The ruling was sentence to be carried out "within three suns" and therefore in the space of only 4 days Jean Kincaid was arrested, tried and convicted of her crime by the magistrates of Edinburgh. She was also condemned for her crime, condemned to capital punishment. She would die for the killing of her husband.

Executions were normally by hanging in Scotland at that time, a particularly harrowing and prolonged death as the rope slowly strangled the subject on the gallows. This was before the hangman's noose became more efficient in instantly breaking the neck. But this would have been poetic justice for Jean Kincaid considering the nature of her crime and the manner of death of her husband.

However, she would be spared this fate. As a lady of the higher classes this would be considered an unseemly end and so she was fated for a more technological dispatch.

She would meet 'The Maiden' as it was called. The guillotine.

The rise of 'The Maiden'

Beheading was regarded as the fitting method of dispatching nobility as infamously evidenced by Mary Queen of Scots, executed at Fotheringay Castle in England in 1587.

Jean Kincaid joined their ranks on 5th July of 1600 when she was taken to the guillotine which had been set-up at the 'Girth-Crosse' in the Canongate at the foot of the Royal Mile in front of Holyrood Abbey.

Holyrood Abbey

Holyrood Abbey

Despite her father's societal influence in Edinburgh even he could not have her life spared.

However, as a concession to his status, that of his kin and on his request, it was agreed that the execution would take place early in the morning at 4.00am with as little fanfare as possible. Thus the family avoided the shame of a huge public spectacle where hordes of the local populace would be ghoulishly looking on as one of their own met the plunging blade.

As it was many did gather and it is quoted that as the blade fell towards her neck Jean Kincaid exclaimed "Into thy hands, O Lord, .......", before her words were literally cut off, her sentence completed and "her heid struck fra her bodie".

The flames of wrath burn over the city

But Jean was fortunate in death. Her accomplice Janet Munro and one other "hyred woman" were afforded no such mercy, no swift transfer to the other side. Despite Jean's protestations that they had no involvement in the crime they were also found guilty. At their appointed hour they were taken up to the grounds outside of Edinburgh Castle to meet their doom.

In a horrific but familiar scene normally reserved for 'witches' their bodies were burned at the stake. The only sliver of humanity shown would probably have been the usual practice of strangling the condemned prior to immolation.

Dark plumes of black smoke rising up from the vantage point of Castle Hill, were always an ominous and very visual reminder for the Edinburgh people down below of the punishment that would await any evil-doers.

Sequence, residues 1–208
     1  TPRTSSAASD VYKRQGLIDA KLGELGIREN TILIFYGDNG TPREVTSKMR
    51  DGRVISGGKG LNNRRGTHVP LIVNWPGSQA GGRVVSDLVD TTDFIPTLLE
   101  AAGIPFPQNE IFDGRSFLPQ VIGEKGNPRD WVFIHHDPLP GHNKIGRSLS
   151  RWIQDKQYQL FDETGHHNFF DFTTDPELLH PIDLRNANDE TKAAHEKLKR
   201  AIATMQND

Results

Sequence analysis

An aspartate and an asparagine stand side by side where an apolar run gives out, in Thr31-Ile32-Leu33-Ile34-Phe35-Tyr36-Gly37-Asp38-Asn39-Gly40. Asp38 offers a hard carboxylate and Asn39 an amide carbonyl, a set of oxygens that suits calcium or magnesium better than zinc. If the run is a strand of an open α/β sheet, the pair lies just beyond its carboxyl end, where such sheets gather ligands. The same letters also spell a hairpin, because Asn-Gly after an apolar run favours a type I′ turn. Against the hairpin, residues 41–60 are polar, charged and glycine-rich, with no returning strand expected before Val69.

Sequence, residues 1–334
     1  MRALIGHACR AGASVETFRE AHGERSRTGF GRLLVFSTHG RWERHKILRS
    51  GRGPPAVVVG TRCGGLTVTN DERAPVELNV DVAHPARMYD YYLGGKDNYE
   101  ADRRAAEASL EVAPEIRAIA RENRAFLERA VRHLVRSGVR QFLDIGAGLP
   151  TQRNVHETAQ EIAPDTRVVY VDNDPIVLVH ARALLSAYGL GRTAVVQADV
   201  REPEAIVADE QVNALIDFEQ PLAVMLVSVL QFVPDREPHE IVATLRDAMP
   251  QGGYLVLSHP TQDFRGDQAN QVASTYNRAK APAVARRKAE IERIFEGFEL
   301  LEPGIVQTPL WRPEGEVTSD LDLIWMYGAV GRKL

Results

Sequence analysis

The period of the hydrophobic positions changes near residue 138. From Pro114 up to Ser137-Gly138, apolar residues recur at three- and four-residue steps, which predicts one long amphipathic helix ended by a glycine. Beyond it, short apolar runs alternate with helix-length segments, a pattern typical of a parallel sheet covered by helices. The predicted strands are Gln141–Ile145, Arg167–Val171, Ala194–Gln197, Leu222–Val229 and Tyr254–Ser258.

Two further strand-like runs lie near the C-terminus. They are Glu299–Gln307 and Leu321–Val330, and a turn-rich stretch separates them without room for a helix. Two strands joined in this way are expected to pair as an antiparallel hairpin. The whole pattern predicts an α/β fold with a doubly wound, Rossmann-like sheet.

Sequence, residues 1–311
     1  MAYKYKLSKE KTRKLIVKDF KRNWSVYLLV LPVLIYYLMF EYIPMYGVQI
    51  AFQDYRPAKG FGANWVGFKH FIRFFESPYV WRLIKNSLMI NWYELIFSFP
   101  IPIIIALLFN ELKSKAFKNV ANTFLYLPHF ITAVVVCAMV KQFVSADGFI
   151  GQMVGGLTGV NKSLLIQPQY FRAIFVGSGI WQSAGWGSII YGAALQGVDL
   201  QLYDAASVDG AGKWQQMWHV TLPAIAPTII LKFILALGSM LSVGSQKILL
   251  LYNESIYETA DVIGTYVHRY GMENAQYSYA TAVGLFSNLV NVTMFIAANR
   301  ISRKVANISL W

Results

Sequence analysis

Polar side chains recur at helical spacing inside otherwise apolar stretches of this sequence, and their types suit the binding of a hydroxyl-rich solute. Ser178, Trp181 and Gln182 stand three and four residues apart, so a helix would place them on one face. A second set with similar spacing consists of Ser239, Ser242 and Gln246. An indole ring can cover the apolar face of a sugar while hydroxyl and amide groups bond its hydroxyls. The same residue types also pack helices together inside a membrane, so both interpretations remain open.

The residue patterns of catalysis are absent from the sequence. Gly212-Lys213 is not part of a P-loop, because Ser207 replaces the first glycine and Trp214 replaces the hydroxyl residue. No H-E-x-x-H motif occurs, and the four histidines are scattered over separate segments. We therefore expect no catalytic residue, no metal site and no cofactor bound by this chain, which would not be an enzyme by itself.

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The fate of the fugitive

But what of the actual murderer Robert Weir who had committed the deed and made his escape? Unfortunately for him the long arm of justice finally caught up with the killer after several years. He was eventually caught in 1604 and on 26th June of that year he also was executed. Records of his trial do exist and shed light on the terrible happenings of 4 years before. Although they are heavily written in the tongue of the Old Scots language.

Extract from 'Twelve Scots Trials' by William Roughead (1913)

Extract from 'Twelve Scots Trials' by William Roughead (1913)

His killing was particularly atrocious and cruel. He was 'broken on the wheel', a quite literal description of his punishment.

Weir was tied to a large cartwheel and then, in public, repeatedly and mercilessly beaten all over his body with the heavy coulter piece from a farm plough. For the utmost effect his limbs would have been placed over spaces between the spokes of the wheel to ensure that his bones would crack under the brutal impact of the violence.

After being 'broken' he would have been taken away and allowed to slowly die from his agonising wounds.

A living relic and reminder of a dark history

The guillotine was last used in the early 18th century but it didn't disappear into the mists of history only to be referred to in scholarly books and articles. The Edinburgh guillotine still exists today. It is on display in the National Museum of Scotland which is located not too far from the execution site.

It was first put into action in 1564 after replacing the axe and the sword which had been considered a messy and untidy form of butchery. Even a skilled executioner would sometimes need several attempts to finally sever the head, as happened with Mary Queen of Scots.

With the implementation of 'The Maiden' the authorities now had an efficient killing machine that sliced its way cleanly through the necks of over 150 of the condemned until it was decommissioned in 1710.

It's a chilling reminder of the dark depths of crime and punishment of the past in the Old Town.

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This content is accurate and true to the best of the author’s knowledge and is not meant to substitute for formal and individualized advice from a qualified professional.